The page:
We enjoyed another sheep stop and Sheep World.  No show this time, but we found a couple of gifts in the gift store, a bowl of clam chowder and hokey pokey ice cream in the cafe.  And then it was on to Kawakawa and the Hundertwasser’s Toilets.

There is much to be said about Friedensreich Undertwasser, a 25-year resident of Kawakawa.  He was a noted architect and ecologist who moved to New Zealand and bought a farm near Kawakawa in 1975.  In 1997 he was commissioned to design and build public toilets on the main street of his adopted city.  The brochure describes his final work:

“The Kawakawa toilet block with its ceramic columns, garden roof and curving, colourful exuberance has put the Northland town of Kawakawa on the international tourist route and travelers from around the world pay homage to the man and his unique, architectural charm.”

I admit that using a public toilet has not been so enjoyable for a long time.

School kids made the tiles

Waitangi Day at the Beach(es)

Monday, February 6, 2012

See the video we took here.

Our guest cottage at Hahei
Today is the New Zealand equivalent of the 4th of July.  It appears that they don’t do much with fireworks, hot dogs and parades but it is a holiday and people will be going places out of the ordinary.

One of those “out of the ordinary” places is Hot Water Beach and that’s on our list of places to see on this day.  The Coromandel Peninsula is also one of those special places in New Zealand that is on the “must see” list.  If you look at a map, it is the stubby finger of land on the right or eastern side of the North Island.  It begins after passing through the port city of Tauranga.  We were looking for a place to stay in the town of Hahei so we called a lodge called The Church.  (sounded ominous)  We eventually connected with Richard Agnew, the manager who was attending a birthday party.  He said the lodge was full and he thought finding a place in Hahei would be difficult because of the holiday weekend.  As an afterthought he asked if we would consider staying in a little cottage next to his house which he rented to friends.  Wow!  It turned out to be a great little place.

Not many here yet
So we headed for Hahei.  The Coromandel is hilly so the road winds around with hairpin turns, narrow, one land bridges and scenic views in all directions.  It’s a little hard to take in if you are behind the wheel.  There are small towns along the way and once in a while you will catch a glimpse of the blue Pacific, but the beaches are pretty secluded.  The peninsula was popularized back in the 1970’s when young twenty-somethings discovered it was a good place to be to “get away from it all.”  They needed some kind of livelihood so they made pottery and did other crafts to sell to tourists.  There are also sheep and dairy farms in the area.  Picture postcards would show a herd of black and white cows grazing on a green hill dotted with tall trees and sprinkled with flowers.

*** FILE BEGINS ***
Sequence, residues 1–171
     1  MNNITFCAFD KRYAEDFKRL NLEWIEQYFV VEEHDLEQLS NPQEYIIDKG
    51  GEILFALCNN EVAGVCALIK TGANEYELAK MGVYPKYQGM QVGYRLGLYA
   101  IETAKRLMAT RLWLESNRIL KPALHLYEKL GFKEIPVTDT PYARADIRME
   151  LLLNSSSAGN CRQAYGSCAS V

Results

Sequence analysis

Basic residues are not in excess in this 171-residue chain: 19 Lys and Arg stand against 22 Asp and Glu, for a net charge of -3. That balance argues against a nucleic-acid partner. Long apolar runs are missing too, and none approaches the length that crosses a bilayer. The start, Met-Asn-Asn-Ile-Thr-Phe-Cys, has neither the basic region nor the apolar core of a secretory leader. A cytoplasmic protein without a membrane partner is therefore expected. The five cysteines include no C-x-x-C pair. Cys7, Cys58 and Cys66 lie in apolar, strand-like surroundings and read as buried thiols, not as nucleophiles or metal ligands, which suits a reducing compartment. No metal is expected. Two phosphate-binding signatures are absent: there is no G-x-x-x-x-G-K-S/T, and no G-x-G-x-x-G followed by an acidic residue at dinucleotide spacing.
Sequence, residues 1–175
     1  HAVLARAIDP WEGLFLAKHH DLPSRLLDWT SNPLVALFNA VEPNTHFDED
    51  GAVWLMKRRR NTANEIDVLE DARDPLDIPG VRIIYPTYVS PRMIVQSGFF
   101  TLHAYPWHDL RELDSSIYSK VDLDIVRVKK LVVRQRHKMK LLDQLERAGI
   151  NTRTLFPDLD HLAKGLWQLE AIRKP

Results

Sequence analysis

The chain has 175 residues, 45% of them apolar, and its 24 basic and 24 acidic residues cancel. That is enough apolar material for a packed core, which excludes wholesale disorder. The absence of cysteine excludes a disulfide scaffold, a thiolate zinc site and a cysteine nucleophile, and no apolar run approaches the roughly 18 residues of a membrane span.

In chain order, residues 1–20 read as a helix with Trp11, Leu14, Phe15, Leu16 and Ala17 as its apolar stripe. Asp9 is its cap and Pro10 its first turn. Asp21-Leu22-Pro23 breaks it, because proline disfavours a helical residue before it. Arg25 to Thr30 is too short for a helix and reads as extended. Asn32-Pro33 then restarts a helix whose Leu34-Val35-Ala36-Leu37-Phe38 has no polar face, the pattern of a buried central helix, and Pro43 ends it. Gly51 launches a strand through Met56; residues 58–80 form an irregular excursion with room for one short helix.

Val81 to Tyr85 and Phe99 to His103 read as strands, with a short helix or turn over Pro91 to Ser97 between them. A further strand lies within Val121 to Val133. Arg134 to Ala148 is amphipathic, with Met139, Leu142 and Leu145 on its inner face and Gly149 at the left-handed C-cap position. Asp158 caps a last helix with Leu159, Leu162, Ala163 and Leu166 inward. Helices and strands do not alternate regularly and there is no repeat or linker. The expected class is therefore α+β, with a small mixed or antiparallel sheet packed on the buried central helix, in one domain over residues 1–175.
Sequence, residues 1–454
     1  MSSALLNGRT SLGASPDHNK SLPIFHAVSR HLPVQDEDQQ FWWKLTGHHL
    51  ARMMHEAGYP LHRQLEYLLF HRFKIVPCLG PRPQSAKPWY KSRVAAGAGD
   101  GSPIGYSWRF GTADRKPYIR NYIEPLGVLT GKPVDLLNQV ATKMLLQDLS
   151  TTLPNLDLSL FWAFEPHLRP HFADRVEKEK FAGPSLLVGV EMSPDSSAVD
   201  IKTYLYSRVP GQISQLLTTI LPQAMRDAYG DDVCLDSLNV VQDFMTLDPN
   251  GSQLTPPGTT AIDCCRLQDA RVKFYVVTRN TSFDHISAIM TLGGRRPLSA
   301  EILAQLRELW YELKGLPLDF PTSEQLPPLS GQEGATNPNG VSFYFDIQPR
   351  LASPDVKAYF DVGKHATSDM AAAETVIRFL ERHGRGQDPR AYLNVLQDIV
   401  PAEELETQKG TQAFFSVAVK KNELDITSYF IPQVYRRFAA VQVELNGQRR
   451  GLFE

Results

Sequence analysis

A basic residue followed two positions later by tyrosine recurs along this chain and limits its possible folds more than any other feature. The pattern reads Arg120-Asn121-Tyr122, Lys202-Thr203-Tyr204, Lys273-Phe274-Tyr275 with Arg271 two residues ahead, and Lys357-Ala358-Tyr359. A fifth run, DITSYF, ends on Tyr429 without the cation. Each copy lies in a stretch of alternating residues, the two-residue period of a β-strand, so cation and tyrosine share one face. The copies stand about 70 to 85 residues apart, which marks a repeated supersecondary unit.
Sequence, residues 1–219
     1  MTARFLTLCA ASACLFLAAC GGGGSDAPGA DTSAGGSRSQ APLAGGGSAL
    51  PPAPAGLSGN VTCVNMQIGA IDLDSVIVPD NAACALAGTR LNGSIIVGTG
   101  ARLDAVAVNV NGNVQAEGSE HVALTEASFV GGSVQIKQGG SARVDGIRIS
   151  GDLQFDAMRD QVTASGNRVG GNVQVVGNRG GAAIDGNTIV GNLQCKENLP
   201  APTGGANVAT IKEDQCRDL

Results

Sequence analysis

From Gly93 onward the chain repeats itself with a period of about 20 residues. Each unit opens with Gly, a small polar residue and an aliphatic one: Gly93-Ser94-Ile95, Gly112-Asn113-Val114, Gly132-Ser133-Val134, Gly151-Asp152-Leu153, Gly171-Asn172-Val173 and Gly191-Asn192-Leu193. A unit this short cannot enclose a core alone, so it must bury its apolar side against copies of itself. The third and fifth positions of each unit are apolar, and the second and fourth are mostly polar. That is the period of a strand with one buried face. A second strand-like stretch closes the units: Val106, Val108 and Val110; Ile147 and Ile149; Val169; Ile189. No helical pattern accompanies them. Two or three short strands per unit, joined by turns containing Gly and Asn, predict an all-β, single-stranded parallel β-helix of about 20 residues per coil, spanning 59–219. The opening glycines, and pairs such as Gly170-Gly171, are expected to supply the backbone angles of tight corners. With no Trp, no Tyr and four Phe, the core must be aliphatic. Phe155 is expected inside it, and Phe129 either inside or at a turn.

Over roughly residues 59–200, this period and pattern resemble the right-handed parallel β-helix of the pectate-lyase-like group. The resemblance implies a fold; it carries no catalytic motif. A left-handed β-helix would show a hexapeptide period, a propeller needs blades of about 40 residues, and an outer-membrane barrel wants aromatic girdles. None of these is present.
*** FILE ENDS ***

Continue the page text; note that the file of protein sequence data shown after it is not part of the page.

The crowd is gathering
The turn off to Hahei also listed two other attractions:  Hot Water Beach and Cathedral Cove.  The road winds around for about 10 km and then you enter town.  Guidebooks say the population is 270 in the winter and about 7000 in the summer.  There is a general store and a few small shops and signs indicating B & B’s, homestays, cottages and a few motels.  There is lots of activity at the General Store which is also a Takeaway burger stand and the town’s post office (post shop).

We went to The Church and got directions to Richard’s place, which was up a steep hill and about a mile from town.  There were private resiidences or retreats on both sides of the gravel road as we approached his place.  It sits on about 5 acres of land against the side of the hill and the little cottage is next door.  Quite a place.  The Church must be doing well.  (It’s called that because the restaurant is an old Methodist church that he moved to Hahei from some other place.)

Is it hot yet?
So today we wanted to see two beaches in the area and ended up at three.  Low tide was set for 12:22 pm, just after Noon and we were advised to show up at Hot Water Beach two hours before that to dig our “spa” on the beach.  We borrowed a spade from The Church and got to the beach before 10:00 am.  We weren’t the first.  It was cloudy, windy and the water was turbulent.  No surfers here today.  Several were standing on the beach and others were starting to dig.  We joined the diggers but the water that came up was cold.  A young lady pointed out that we needed to dig in just the right place to find hot water.  Since no one else was doing any digging, we stood around getting chilled by the wind coming off the ocean.

Cathedral Cove on the other side . . .
We decided to give up our prime parking place and come back later.  So we drove down the road and found another parking lot.  By the time we got out to the beach it was around 10:30 am and we noticed quite a crowd had gathered at the “hot water spot” we had vacated.  As we walked toward it, we saw more and more coming from the opposite direction.  Some were starting to dig and others just standing around.  By the time we got there, we sensed some excitement.  Some had struck paydirt or was it hot water?

Looking down from the trail (track)